Judicial District of Danbury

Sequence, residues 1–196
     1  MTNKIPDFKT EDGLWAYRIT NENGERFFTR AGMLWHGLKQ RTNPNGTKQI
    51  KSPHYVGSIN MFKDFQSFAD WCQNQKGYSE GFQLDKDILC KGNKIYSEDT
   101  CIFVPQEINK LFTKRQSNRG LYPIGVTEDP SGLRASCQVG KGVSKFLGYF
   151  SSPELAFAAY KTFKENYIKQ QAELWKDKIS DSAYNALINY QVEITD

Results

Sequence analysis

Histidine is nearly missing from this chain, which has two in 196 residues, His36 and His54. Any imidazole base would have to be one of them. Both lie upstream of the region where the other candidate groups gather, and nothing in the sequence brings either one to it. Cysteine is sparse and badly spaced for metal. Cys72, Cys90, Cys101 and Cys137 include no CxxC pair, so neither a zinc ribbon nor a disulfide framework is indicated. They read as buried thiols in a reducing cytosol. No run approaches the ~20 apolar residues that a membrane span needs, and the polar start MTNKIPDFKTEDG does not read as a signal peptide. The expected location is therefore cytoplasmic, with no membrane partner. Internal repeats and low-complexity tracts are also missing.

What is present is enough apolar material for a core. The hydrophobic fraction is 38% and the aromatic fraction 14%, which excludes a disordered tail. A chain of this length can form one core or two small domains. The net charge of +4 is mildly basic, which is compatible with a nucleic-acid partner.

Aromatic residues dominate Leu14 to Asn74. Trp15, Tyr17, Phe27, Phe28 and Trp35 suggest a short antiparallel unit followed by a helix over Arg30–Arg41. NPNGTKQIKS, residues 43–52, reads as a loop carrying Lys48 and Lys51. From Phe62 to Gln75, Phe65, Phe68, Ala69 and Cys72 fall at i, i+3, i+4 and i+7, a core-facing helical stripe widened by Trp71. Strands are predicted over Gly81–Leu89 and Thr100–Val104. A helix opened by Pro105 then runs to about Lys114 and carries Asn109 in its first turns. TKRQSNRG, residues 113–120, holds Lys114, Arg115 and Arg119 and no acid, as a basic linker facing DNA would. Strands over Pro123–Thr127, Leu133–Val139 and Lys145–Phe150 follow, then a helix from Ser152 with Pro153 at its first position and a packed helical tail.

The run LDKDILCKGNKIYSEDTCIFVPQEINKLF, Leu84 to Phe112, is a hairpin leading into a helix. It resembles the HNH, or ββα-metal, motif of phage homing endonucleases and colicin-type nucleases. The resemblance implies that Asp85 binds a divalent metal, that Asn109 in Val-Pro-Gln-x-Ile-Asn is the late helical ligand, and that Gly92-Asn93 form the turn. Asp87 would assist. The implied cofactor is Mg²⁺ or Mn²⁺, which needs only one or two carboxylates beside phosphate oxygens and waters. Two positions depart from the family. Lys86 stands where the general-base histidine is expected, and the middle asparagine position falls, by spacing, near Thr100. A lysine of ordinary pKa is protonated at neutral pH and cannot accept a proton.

†††† †Criminal; Search and Seizure; Whether Prosecutorial Improprieties Violated Defendantís Due Process Rights; Whether Defendant Consented to Police Seizure of Evidence. Danbury police, responding to reports of a street robbery, found the intoxicated defendant at the scene.† Believing the defendant to be a victim, police gave the defendant a ride home for his safety.† Before the defendant entered the police cruiser, the officer told him he would conduct a patdown pursuant to standard police procedure for anyone not under arrest entering a police cruiser.† The defendant then told the officer that he had a utility knife in his possession and handed it to the officer.† The defendant was told that he could retrieve the knife when he was sober.† When police subsequently received information that the defendant was a suspect in an assault with a knife, the defendant was arrested and the utility knife was processed as evidence.† The defendant was charged with attempted assault in the first degree, assault in the second degree and possession of marijuana.† Before trial, the court denied the defendantís motion to suppress the evidence of the knife, finding that he voluntarily handed over the knife and that the police did not exceed the scope of that consent.† At trial, the defendant testified that the complainant assaulted him and that he inadvertently cut the complainant during the fight.† During cross-examination, the prosecutor asked the defendant three questions that compelled him to comment on the veracity of the complainant and police officers, and the prosecutor referred to those questions in closing argument.† The defendant was convicted of assault and acquitted of the other charges.† On appeal, the defendant claimed, and the state conceded, that the prosecutorís questions and remarks violated State v. Singh, 259 Conn. 693 (2002), which adopted the evidentiary rule that asking a witness to comment on another witnessí veracity is improper.† The Appellate Court (139 Conn. App. 469), agreeing that the statements were improper, concluded that the Singh violations deprived the defendant of his due process right to a fair trial primarily because the improprieties were severe and were central to the critical issues in the case and because the stateís case, which turned entirely on credibility, was not strong.† The court was not persuaded by the stateís argument that the prosecutorís statements were not prejudicial in the context of the stateís larger, permissible argument that the defendant had a motive to lie.† In addition, the Appellate Court addressed, as a claim likely to arise on retrial, the defendantís claim that the trial court improperly denied his motion to suppress the utility knife.† It determined that the trial court properly relied on the consent exception to the warrant requirement and that the trial courtís finding that the defendant handed over the knife voluntarily was not clearly erroneous.† The Supreme Court will now determine whether the prosecutorial improprieties during cross-examination and final argument violated the defendantís due process rights and whether the denial of the motion to suppress was properly affirmed.